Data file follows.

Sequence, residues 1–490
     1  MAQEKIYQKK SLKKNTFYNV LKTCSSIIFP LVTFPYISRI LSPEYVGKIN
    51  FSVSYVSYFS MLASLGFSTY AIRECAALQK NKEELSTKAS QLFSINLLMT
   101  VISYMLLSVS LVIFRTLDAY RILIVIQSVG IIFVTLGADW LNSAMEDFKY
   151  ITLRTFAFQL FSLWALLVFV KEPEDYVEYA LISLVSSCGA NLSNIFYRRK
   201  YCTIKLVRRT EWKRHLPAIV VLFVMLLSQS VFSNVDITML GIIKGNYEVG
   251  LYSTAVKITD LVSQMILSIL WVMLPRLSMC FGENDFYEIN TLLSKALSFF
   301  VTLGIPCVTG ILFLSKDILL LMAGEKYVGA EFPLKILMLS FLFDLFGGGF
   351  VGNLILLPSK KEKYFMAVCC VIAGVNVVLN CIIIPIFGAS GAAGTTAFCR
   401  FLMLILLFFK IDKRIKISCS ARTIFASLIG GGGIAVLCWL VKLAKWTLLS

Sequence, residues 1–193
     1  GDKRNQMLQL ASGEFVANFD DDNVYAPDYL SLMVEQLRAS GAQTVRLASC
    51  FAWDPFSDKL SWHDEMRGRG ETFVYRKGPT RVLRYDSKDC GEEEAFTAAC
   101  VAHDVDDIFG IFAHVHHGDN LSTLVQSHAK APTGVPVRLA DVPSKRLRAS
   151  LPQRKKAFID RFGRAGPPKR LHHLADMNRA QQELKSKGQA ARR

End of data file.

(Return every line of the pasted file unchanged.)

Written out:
Sequence, residues 1–490
     1  MAQEKIYQKK SLKKNTFYNV LKTCSSIIFP LVTFPYISRI LSPEYVGKIN
    51  FSVSYVSYFS MLASLGFSTY AIRECAALQK NKEELSTKAS QLFSINLLMT
   101  VISYMLLSVS LVIFRTLDAY RILIVIQSVG IIFVTLGADW LNSAMEDFKY
   151  ITLRTFAFQL FSLWALLVFV KEPEDYVEYA LISLVSSCGA NLSNIFYRRK
   201  YCTIKLVRRT EWKRHLPAIV VLFVMLLSQS VFSNVDITML GIIKGNYEVG
   251  LYSTAVKITD LVSQMILSIL WVMLPRLSMC FGENDFYEIN TLLSKALSFF
   301  VTLGIPCVTG ILFLSKDILL LMAGEKYVGA EFPLKILMLS FLFDLFGGGF
   351  VGNLILLPSK KEKYFMAVCC VIAGVNVVLN CIIIPIFGAS GAAGTTAFCR
   401  FLMLILLFFK IDKRIKISCS ARTIFASLIG GGGIAVLCWL VKLAKWTLLS

Sequence, residues 1–193
     1  GDKRNQMLQL ASGEFVANFD DDNVYAPDYL SLMVEQLRAS GAQTVRLASC
    51  FAWDPFSDKL SWHDEMRGRG ETFVYRKGPT RVLRYDSKDC GEEEAFTAAC
   101  VAHDVDDIFG IFAHVHHGDN LSTLVQSHAK APTGVPVRLA DVPSKRLRAS
   151  LPQRKKAFID RFGRAGPPKR LHHLADMNRA QQELKSKGQA ARR